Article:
Fonte da Telha
When you see the “20” sign by the train tracks, you’ve arrived at the last beach of Costa da Caparica. Home to a fishing community, it has a more developed area with a number of bars and restaurants, and a wilder area where nudists sunbathe. The southern stretch (known as Praia da Adiça) was officially declared a nude beach in 2015. For more details (including how to get there by bus), see the Fonte da Telha guide.
How to Get to Costa da Caparica
Regular buses connect Lisbon to Costa da Caparica, ending at the northern side of the coast. There’s also a bus departing from Cacilhas across the river from downtown Lisbon that ends at Fonte da Telha, to the south. For complete details, see the guide to getting to Costa da Caparica by bus.
Once in Costa da Caparica, you may take the Transpraia tourist train that operates in the summer and goes down the coast, past the different beaches.
If you’re driving, take 25 de Abril Bridge, and follow the signs to Caparica or “Praias” (“Beaches”). From there, each beach is signposted off the road, and most have parking.
From mid-June to early September (especially on weekends), leave the beach early or stay until past sunset, or you’ll find yourself stuck in traffic on the way back to Lisbon.
Hotels by the Beaches of Costa da Caparica
Tryp Lisboa Caparica Mar Hotel
The only non-budget option on this coast, this 4-star hotel features 352 rooms with balconies, about one-third of them facing the sea. It’s located on Caparica’s main avenue, just steps from the sand, and includes a pool, bar and restaurant. The bus from/to Lisbon is about 10 minutes away, as is the tourist train that passes by all of the beaches.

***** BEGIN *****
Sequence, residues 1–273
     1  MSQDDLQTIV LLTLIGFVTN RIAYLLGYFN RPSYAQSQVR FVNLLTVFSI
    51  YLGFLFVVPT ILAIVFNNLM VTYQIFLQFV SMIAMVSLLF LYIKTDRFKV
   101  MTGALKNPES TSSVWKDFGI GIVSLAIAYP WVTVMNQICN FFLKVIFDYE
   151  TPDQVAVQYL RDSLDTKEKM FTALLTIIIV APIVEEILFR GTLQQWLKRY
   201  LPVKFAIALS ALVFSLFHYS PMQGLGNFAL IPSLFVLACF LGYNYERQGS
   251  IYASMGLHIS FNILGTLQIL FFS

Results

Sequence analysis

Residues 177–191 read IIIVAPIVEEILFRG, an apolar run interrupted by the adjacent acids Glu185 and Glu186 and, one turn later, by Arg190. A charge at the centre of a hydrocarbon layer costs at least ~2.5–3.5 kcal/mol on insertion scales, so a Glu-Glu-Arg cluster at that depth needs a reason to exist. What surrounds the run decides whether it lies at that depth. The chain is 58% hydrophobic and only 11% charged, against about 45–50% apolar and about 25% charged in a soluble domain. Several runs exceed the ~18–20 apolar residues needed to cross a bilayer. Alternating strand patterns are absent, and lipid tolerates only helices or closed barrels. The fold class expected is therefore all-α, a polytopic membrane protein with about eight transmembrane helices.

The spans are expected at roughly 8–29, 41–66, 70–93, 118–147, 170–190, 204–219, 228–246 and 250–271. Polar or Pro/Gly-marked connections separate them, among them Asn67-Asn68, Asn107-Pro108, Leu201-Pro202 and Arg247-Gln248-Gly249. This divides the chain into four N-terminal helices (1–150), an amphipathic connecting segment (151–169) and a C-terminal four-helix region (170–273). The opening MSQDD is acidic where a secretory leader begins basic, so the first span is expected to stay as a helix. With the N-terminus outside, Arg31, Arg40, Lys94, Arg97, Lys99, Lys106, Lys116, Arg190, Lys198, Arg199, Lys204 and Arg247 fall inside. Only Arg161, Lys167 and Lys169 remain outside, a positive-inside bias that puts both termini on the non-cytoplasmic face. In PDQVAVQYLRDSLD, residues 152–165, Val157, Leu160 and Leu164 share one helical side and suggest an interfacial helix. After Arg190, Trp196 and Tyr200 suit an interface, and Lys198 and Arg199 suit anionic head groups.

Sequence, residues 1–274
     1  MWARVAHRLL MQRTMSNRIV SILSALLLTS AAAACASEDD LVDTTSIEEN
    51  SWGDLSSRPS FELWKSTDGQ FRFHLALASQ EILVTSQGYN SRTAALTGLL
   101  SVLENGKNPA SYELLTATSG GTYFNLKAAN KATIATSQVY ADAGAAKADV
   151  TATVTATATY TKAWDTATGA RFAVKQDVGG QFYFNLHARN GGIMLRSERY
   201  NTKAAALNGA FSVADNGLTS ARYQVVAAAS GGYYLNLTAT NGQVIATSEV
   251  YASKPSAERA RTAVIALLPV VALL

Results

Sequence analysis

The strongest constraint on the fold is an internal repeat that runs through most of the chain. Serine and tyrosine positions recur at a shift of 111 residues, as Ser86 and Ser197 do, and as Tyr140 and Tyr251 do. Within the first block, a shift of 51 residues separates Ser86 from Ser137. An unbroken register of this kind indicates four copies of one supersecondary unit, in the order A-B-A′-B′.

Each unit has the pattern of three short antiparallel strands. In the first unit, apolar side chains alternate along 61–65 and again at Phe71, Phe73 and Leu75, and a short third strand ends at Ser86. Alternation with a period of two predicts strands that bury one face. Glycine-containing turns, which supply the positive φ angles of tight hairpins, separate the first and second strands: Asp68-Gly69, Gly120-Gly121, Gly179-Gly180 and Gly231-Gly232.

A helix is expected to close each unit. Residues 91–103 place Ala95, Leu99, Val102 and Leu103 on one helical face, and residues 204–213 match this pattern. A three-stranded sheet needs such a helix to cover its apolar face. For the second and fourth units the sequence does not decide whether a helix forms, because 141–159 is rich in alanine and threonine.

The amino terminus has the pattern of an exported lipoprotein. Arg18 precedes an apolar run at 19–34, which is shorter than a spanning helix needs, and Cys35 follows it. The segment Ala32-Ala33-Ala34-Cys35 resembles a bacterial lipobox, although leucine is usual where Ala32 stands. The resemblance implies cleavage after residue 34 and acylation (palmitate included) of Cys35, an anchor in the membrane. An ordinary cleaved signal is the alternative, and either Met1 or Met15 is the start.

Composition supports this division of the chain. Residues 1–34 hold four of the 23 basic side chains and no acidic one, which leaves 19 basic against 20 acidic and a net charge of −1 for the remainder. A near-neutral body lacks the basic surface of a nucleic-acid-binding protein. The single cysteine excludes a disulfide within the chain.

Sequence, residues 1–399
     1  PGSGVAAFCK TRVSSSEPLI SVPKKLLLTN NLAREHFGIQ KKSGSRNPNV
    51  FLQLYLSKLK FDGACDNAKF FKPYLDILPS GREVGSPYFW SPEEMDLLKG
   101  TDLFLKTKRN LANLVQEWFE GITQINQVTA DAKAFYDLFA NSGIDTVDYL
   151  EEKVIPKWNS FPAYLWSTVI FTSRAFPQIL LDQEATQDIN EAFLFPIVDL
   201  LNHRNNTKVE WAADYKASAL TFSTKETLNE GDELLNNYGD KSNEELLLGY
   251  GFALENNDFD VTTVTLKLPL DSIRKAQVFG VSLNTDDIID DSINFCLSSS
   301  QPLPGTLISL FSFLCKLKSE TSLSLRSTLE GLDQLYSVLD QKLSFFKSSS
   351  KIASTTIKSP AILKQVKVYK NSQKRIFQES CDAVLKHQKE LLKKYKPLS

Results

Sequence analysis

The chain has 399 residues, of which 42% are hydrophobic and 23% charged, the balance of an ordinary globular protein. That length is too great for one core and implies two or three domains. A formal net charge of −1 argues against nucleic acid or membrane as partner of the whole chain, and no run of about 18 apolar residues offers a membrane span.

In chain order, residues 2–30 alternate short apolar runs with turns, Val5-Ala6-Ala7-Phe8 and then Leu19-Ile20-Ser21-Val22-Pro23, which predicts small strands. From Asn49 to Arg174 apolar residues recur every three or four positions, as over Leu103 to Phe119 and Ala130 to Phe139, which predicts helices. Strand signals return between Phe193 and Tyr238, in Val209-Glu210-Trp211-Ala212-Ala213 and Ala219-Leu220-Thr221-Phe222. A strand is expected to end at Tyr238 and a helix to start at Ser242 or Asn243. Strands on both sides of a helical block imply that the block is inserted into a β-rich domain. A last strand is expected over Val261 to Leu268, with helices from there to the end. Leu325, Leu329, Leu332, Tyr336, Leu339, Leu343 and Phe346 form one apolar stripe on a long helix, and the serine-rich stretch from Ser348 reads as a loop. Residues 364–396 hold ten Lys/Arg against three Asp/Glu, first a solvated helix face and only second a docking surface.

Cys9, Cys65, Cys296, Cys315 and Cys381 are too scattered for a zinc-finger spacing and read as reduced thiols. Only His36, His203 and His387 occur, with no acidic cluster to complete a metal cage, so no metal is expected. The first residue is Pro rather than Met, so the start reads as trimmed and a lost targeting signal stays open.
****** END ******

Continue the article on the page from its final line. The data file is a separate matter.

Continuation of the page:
A renovation has given this 2-star hotel a more contemporary interior, which, together with the central location, makes it a good value.
Real Caparica Hotel
This beachfront hotel features classically-styled rooms, some of them with sea views. The room to book is the double with balcony.
Hotel Praia do Sol
It’s perfectly located on the main pedestrian street of the center of Costa da Caparica, but unfortunately it’s a little dated and in need of refurbishment. Still, if you’re on a budget, this 2-star hotel could be an option for you.
Aroeira Lisbon Hotel - Sea & Golf Resort
This is the closest to a beach resort as you’ll get on the Caparica coast. It’s a contemporary hotel built with natural materials (mostly wood), with large windows and balconies in every room. It’s located just 2km from the beach of Fonte da Telha, where it has a beach bar and restaurant offering parasols and lounge chairs to those staying at the hotel. Guests may also rent bikes or take a shuttle to the beach or to the golf courses in the area. For relaxation at the hotel, there’s a swimming pool and yoga classes.